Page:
I like this one…Brookfield’s 4th assumption “College Students of Any Age Should Be Treated as Adults”. Having started my career teaching in English secondary education (at that time, ages 11 or 12 through 16) to more recently teaching in Canadian post secondary, I can categorically agree with Brookfield, that “students, whatever their age, wish to be treated as adults”. But if truth be known, I think only a few can really handle it.
I chuckled to myself thinking of my last class who ranged from 18 – 23, one particular student sprung to mind. At first they appeared to be mature beyond their years…but oh no, how wrong I was. The classic ‘over participator’ which of course there is nothing wrong with, but as I discussed in an earlier blog post, this requires managing carefully as the ego is a very fragile thing. During the first few weeks of the first semester, they would continually ask “what do you think to this John?” or “is this good enough?”… I know they just wanted to get the best results and make a great impression but it was endless; the class would joke that they were more needy than my two-year-old son. It took quite some time for that student to evaluate their own efforts, to steadily become more critical of their work. Initially I would answer them directly but over time my answers changed to “do you think it is good enough?” During a practical assignment, I observed this student acting in quite an unsafe manner; not because they were reckless or careless, but because they were frustrated. I was forced to stop them immediately and then explain the ‘why’ of the the situation. They sulked, and I mean sulked! Like a 5 year old. I should point out that I didn’t showcase them or single them out but acted appropriately for the situation. My point to this story is that I agree that we should treat college students as adults because we are trying to prepare them for whatever the next step is for them, we need the environment to be authentic and valid. But what I think what we should read into this quote is ‘students of any age should be respected‘ which runs deeper than being treated like adults by default.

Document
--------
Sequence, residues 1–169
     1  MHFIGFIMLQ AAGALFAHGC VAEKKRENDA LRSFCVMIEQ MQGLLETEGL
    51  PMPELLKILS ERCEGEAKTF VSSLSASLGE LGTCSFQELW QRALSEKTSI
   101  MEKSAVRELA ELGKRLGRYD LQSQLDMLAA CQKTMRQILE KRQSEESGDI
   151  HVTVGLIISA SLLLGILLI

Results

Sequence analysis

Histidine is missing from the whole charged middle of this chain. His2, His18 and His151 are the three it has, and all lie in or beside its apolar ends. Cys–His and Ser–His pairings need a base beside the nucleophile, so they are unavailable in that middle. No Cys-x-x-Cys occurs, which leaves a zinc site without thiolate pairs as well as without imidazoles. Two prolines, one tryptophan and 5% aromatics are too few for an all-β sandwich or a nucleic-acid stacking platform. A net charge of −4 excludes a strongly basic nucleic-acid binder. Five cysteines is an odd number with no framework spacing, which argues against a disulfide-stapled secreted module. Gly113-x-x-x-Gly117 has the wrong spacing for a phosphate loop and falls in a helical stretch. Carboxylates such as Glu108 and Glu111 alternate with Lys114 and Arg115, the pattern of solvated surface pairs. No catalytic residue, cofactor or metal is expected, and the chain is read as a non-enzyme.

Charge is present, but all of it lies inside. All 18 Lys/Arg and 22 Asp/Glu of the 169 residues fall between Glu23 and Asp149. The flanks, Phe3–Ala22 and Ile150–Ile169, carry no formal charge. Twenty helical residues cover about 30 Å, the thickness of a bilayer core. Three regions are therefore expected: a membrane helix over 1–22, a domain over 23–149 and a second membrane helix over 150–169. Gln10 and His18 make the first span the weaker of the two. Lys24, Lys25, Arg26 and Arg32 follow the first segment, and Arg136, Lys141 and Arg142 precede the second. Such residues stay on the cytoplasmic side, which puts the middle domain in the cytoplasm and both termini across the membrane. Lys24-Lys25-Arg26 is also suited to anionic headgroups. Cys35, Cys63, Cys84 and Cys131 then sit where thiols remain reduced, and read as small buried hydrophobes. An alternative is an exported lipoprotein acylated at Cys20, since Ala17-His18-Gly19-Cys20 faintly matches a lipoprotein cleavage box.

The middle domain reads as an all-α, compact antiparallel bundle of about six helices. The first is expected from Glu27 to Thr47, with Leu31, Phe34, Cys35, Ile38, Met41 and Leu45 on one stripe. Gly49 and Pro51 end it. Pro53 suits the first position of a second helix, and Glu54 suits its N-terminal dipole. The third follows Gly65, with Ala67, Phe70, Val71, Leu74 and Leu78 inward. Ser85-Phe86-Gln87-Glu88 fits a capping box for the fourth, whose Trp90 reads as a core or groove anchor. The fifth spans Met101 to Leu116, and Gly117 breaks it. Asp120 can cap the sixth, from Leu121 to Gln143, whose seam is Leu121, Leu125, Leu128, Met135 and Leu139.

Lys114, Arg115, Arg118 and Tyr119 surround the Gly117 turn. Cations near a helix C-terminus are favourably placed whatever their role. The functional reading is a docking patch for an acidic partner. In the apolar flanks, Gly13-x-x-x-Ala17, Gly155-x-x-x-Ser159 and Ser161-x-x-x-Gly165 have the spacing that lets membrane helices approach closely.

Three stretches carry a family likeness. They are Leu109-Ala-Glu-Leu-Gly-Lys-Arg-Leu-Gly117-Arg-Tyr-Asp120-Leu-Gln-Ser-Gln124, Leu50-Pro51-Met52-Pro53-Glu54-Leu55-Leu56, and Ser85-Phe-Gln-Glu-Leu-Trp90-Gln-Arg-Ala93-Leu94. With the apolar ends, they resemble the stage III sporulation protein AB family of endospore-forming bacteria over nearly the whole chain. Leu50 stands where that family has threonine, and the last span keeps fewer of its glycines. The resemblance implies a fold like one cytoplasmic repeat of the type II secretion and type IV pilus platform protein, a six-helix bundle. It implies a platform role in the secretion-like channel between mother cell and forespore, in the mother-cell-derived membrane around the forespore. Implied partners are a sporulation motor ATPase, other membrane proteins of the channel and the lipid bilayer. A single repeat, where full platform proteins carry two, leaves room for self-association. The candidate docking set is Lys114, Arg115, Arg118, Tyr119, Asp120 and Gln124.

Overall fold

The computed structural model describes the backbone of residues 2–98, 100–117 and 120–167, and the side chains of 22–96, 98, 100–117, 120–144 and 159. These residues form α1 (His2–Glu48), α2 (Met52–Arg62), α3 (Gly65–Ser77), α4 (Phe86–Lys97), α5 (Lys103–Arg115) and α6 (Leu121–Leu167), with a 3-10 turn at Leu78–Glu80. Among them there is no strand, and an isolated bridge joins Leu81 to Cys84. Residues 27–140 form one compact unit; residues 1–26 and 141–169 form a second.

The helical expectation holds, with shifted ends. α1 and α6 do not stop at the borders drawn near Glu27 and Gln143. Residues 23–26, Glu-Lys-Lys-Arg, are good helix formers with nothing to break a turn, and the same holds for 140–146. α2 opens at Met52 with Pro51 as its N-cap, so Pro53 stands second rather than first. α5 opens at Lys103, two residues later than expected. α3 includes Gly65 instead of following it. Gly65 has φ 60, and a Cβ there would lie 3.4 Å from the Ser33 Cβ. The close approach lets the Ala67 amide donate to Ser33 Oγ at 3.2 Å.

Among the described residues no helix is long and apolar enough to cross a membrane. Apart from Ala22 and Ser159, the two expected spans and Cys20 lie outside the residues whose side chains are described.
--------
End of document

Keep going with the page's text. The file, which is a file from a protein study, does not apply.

We should be respectful but also weary of their age. They have much to give the learning environment; experience which can benefit all but they will likely still lack the sophistication and depth of the ‘adult’ learner. As I researched a little further, I came across a few articles that really gave me some perspective. This short article with multiple links by Caitlin Grimes, discusses Professor Eric Posners view that “universities were well within their rights to limit the free speech and behavior of their students as college students need to be treated like children instead of adults”.That american students are attending university ill-equipped, for adulthood and require “universities to resume their traditional role in loco parentis.” The end of the article really hit home “tell the 40% of our military that is 24 or below that it has to come home, the infantilization of college students must stop”…That was me aged 17.5, trying to be an ‘adult’ to the best of my ability in a very adult world. My father was 14.5 when he started work as a carpenter and joiner in Northern England. my father and I were just two generations but we’ve been expecting ‘children’ to be adults since the dawn of time. Can we really expect our young adults to own all the attributes of the experienced adult? Research suggests that the mind is still developing well into our mid 20’s, I would argue that everyday I still develop a little more (although my wife may disagree, especially whilst skiing).
I’ll say it again, the key for me is respect. We need to respect the student for not only who they are and their experiences but also, what and who they aspire to be. I appreciate that the underlying meaning of this assumption is more than the literal sense. We need to remain professional, earn the respect of our students by modelling what we expect them to be, connect and understand them, because ultimately, we are responsible for preparing them to become the adults that they think they already are.